Parents urged to seek help

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Governor issues a proclamation against child abuse and neglect

By Carol A. Clark

Gov. Bill Richardson issued a proclamation naming April “Child Abuse Prevention Month” in an effort to address the approximate 30,000 reports of child abuse and neglect in New Mexico each year.

“Child abuse and neglect are serious problems and finding a solution depends upon the involvement of people within our community,” Richardson states in his proclamation. “During periods of economic challenges, families feel more vulnerable and as a result child abuse and neglect increase drastically.”

While child abuse may not be as prevalent in Los Alamos as in larger and poorer communities, it does exist and there have been cases in which children have been taken away from their parents due to abuse, said Counseling Center Director Cheryl Pongratz of the Los Alamos Family Council at 1505 15th St.

“We have people in anger management programs here at Family Council and I think every school counselor is aware of abuse cases,” Pongratz said. “Don’t ignore it — if a parent finds their child is driving them crazy or if they feel like hitting their child they should step back and assess the situation.”

Pongratz also discussed something she sees in the local community, which she calls “benign neglect.” There’s nothing malicious about it — it’s just that we have a lot of parents who come home from work very tired and don’t have the energy to spend time with their children and the children tell us they feel neglected.”

Pongratz suggests visiting the Family Strengths Network in the Pueblo Complex on Diamond Drive. The nonprofit organization has an extensive lending library of books on parenting as well as parenting classes.

“Their parenting classes cover all ages from infants and toddlers to elementary school age and adolescents,” she said. “It’s really important for a parent who has slapped their child really hard in anger to seek counseling. They need to seek help right away. It’s so hard for parents when their children are taken away because of abuse and this has happened a number of times in this community.”

Three members of the New Mexico Behavioral Health Collaborative — the Children, Youth and Families Department, the Human Services Department and the Department of Health are partnering this month to help raise awareness of and prevent child abuse and support families in their efforts to provide a safe and nurturing environment for all New Mexico children.

One of the initiatives includes encouraging parents to learn the 12 alternatives to lashing out at your child as a child abuse prevention method, as well as 10 pieces of advice for new moms and dads.

“Sometimes a simple suggestion, such as splashing cold water on your face, or taking a deep breath and remembering you are the adult can make all the difference in keeping your cool as a parent and avoiding what could turn into a violent situation,” CYFD Secretary Dorian Dodson said in a news release. “We are providing the 12 tips to our clients and as many parents as possible in the community to prevent as many child abuse situations as possible.”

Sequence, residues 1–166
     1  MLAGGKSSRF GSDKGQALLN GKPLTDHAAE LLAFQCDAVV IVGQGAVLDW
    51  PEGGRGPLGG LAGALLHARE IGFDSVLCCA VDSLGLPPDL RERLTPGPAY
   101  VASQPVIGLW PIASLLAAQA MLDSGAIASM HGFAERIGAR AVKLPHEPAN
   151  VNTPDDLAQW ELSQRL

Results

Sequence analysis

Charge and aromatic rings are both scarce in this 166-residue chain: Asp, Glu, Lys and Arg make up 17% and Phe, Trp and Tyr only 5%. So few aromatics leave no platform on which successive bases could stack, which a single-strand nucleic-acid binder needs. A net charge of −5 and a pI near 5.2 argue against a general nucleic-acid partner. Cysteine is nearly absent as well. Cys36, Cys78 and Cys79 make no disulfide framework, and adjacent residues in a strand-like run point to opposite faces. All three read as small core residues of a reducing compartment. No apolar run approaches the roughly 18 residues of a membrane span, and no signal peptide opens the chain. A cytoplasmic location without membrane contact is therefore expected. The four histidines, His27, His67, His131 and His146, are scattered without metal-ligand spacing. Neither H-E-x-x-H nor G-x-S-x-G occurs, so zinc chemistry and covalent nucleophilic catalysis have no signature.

Another initiative being launched during Child Abuse Prevention Month is the Maternal Depression Workgroup pilot program to address maternal depression and substance abuse.

“Maternal depression, either prenatal or postpartum, gone unrecognized and untreated can have a devastating effect on the entire family,” Department of Health Secretary Alfredo Vigil said in the release. “The pilot program is designed to offer new or pregnant mothers with depression an opportunity to get the care they need to ensure a healthy motherhood for the first year, which is an incredibly critical time for the mother, child and family.”

The pilot program will work with women in Santa Fe County, Sandoval County and San Miguel County. The goal is to assure that women with depression during pregnancy or postpartum, especially women at dual risk due to substance abuse identified through validated screening, receive the care they need to be healthy parents for one year.

A third initiative is a public service announcement encouraging parents to recognize the possibility of child abuse or neglect and urging them to seek help.

“There are a lot of pressures new parents face; many of them financial,” Human Services Department Secretary Katie Falls said. “Parents might think they are alone in dealing with these issues, and we hope the public service announcements will help them learn they are not and there is help available.”

While the goal is to prevent child abuse, the governor’s proclamation also encourages “all New Mexicans to be vigilant and fervent in their efforts to stop child abuse, recognize when it happens and know what to do when you suspect it. Report abuse or neglect to the Children, Youth and Families Department Statewide Central Intake Hotline, 1-800-797-3260, or to law enforcement or the appropriate tribal entity.”

Individual, group and family counselingee is available at the Los Alamos Family Council for adults, adolescents and children — whether or not they have insurance.

Domestic violence therapy in the areas of family and domestic violence also is available for victims, perpetrators and family members. For information, call 662-3264.